View single post by Keinokuorma
 Posted: Sat Jan 19th, 2008 12:30 am
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Keinokuorma



Joined: Mon Jun 26th, 2006
Location: Finland
Posts: 1248
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himeros wrote: I seem to get about 2.0 to 1.8 amps at the compressor during run cycle, on most of the 15 to 20 cu' boxes I have check lately, hardly ever below 1.6 amps. 

1 kilowatt hour of electricity
=
3413 British thermal units (Btu

By this conversion 264 watts of power for a 900 btu compressor at 100 percent efficiency would mean 2.29 amps per hours at 115 volts.  What am I doing wrong with this thinking?

Excuse my possible partial ignorance on the subject, and possible misreadings too... I'm sober after a good while.

115V*2.29A=263,35W - that seems to be arithmetically sound. However, on an inductive (or capacitive, for that matter) load with AC, the product of the measured voltage (U) and current (I) isn't in straight correlation to the Wattage drawn to, or energy consumed in the load, but there is a geometrical factor that needs to be taken into account.

On a rather purely resistive load like a light bulb or heating element, U and I are in rather correct sync (excuse the pun), so when U is on the positive side, I is too, and so both are on the negative side the same time too. The product of positive U and I is positive, as well as the product of negative U and I. Therefore you can consider all of the power in the circuit to be positive. P=U*I

A load that isn't purely resistive will shift the phase between the U and I curves so, that when you take synchronous momentual readings of voltage and current, the product is sometimes on the negative side - that's parasite power being transferred back to the source. This negative side of parasite power will subtract out its positive counterpart, and the remainder is the true power consumed in the load. The parasite power therefore keeps going back and forth between the load and source.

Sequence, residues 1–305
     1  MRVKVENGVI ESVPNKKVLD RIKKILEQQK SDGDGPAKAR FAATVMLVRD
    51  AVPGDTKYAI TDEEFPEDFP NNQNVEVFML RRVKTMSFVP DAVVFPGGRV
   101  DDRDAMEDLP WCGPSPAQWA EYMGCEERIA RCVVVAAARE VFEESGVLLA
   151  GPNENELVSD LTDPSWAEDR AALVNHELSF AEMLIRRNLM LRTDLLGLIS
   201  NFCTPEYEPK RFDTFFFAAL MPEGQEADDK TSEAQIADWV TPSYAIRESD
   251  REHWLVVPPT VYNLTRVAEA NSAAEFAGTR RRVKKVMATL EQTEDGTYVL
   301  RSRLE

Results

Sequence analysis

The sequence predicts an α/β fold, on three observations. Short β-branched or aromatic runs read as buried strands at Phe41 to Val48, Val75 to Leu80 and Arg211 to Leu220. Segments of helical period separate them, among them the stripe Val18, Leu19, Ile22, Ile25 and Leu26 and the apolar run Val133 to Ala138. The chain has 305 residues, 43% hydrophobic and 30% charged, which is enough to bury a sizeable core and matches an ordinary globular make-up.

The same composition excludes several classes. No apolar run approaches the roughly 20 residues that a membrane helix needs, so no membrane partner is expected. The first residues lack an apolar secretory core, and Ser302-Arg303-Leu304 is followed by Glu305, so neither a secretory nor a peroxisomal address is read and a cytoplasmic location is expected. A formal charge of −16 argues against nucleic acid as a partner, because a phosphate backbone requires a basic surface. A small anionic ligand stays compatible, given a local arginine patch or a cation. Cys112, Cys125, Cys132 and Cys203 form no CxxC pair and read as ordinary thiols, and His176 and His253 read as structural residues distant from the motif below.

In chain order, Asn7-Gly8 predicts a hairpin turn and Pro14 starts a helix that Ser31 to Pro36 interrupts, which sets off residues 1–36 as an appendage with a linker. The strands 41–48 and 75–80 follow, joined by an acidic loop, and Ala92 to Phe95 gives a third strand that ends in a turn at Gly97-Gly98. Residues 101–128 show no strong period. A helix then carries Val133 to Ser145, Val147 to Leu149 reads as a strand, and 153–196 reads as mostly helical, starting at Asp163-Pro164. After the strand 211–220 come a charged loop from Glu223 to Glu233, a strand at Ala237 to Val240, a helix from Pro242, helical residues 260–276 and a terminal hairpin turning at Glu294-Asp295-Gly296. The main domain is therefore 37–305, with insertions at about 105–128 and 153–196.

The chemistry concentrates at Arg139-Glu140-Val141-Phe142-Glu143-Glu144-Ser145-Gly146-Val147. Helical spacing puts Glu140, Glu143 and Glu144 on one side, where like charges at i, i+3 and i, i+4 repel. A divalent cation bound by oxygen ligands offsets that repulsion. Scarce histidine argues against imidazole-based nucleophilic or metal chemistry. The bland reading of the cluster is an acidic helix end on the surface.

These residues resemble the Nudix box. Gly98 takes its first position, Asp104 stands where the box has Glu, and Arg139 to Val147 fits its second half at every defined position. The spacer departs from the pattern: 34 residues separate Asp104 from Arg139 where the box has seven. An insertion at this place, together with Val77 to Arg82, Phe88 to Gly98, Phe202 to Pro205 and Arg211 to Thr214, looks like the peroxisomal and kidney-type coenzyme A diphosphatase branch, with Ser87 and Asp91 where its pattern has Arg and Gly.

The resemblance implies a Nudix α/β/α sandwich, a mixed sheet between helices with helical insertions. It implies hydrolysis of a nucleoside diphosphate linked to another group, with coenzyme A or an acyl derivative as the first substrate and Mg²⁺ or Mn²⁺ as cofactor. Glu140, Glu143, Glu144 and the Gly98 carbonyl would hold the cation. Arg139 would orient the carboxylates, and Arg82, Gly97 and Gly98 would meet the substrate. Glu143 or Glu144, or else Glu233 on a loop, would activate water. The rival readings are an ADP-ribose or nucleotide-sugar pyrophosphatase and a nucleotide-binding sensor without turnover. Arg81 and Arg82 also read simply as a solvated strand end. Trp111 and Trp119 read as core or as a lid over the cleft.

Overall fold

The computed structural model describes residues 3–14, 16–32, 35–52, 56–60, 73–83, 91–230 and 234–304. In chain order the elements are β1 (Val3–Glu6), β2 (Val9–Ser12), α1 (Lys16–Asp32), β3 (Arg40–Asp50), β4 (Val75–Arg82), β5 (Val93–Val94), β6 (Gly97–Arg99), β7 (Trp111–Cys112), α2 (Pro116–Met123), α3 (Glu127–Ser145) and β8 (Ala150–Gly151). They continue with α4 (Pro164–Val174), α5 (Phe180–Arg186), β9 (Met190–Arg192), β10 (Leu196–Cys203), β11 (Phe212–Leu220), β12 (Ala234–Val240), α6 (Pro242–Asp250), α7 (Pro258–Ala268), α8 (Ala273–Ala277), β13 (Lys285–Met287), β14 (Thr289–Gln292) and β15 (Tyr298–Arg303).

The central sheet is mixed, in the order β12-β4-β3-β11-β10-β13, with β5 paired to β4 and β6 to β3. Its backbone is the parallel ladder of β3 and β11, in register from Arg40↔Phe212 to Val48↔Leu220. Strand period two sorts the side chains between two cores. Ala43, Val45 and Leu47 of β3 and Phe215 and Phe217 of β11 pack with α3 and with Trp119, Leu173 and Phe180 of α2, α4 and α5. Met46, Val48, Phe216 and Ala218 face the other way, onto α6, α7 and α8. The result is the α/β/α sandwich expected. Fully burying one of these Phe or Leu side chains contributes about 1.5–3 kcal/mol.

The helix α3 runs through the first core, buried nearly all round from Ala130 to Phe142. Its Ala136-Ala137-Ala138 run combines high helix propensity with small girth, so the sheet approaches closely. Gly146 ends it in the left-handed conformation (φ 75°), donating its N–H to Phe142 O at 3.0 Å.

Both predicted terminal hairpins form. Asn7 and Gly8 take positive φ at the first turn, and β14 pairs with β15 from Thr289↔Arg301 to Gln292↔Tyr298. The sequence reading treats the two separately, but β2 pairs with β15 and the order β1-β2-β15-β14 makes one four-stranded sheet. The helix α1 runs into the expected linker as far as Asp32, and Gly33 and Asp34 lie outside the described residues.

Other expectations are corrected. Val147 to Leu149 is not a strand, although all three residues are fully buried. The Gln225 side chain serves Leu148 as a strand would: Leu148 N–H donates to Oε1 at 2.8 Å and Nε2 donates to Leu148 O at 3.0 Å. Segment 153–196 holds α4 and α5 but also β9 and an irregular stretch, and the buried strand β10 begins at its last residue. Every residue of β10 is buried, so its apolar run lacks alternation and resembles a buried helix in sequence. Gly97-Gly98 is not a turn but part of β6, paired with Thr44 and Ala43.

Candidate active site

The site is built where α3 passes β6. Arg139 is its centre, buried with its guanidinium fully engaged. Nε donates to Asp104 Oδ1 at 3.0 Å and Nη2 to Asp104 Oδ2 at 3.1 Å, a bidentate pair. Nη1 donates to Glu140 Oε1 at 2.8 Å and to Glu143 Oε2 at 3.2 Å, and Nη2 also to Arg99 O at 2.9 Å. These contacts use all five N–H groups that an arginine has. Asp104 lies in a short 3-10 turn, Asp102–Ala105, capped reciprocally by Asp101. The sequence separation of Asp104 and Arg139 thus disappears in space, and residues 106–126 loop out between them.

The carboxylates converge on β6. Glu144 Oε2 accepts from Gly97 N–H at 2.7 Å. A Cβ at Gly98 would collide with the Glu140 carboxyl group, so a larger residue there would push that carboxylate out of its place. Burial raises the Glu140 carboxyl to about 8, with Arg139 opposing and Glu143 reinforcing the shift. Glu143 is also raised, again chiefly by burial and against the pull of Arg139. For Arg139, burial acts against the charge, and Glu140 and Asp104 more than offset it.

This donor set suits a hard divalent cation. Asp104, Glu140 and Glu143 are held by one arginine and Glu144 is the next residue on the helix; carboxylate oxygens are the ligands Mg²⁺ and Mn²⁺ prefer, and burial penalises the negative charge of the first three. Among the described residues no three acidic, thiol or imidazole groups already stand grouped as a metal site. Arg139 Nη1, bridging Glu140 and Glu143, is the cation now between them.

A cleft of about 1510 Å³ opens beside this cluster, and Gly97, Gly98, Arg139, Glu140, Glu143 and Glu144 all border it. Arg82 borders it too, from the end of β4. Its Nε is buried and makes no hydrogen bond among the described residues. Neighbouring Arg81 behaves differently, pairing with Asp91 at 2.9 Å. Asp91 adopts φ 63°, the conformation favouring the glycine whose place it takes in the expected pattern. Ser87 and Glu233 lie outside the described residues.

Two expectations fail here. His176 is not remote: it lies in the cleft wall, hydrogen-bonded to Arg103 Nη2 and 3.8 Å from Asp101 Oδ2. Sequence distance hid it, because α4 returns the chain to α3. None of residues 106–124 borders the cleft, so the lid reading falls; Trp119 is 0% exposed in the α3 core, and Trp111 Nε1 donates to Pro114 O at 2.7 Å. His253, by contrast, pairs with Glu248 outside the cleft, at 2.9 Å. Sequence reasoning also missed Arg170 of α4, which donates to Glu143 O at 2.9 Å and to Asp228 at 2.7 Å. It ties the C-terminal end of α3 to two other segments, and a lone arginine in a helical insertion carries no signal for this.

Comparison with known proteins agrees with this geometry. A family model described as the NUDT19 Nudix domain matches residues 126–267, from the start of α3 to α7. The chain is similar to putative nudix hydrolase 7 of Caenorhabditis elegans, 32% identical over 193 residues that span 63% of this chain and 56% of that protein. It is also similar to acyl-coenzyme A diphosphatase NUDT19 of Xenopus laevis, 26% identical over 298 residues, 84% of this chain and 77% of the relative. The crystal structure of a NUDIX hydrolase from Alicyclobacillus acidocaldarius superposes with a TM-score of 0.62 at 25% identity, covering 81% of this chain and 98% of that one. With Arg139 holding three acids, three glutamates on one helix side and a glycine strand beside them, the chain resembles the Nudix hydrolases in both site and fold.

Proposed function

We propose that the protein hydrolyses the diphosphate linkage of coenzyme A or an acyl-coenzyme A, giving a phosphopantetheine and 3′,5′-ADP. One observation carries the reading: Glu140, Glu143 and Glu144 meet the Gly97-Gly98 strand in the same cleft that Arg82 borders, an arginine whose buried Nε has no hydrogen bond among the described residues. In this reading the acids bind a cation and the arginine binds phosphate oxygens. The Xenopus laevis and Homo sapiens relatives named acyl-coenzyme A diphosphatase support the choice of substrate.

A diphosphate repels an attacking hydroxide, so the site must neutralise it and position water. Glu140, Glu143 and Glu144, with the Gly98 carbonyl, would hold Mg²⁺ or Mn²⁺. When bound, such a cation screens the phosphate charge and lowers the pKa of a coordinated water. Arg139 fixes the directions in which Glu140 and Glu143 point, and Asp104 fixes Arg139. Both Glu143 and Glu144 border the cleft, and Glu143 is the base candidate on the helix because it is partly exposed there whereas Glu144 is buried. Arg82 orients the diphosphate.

This will appear as a higher working current that you might assume from the Wattage, and although it doesn't add up tp your power bill, it causes the resistive parts of the system to produce more heat. It stresses the wiring and the fuses/breakers as well as the feed transformer, hence requiring the power company to use thicker wire, or facilities producing lots of parasite power, to compensate it.

So on an AC circuit, the formula for power is P=U*I*COS(FI) where FI is the phase shift angle between U and I. For pure resistance, FI=0 degrees and COS(FI)=1. For pure inductance or capacitance, FI would be +90 or -90, and COS(FI) would be 0. Therefore a truely pure inductive or capacitive load would be drawing current but not consuming power.

A compressor motor would be of inductive nature, and from the POV of the power source, its inductance vs. resistance will vary greatly by how it is loaded.

Last edited on Sat Jan 19th, 2008 12:31 am by Keinokuorma



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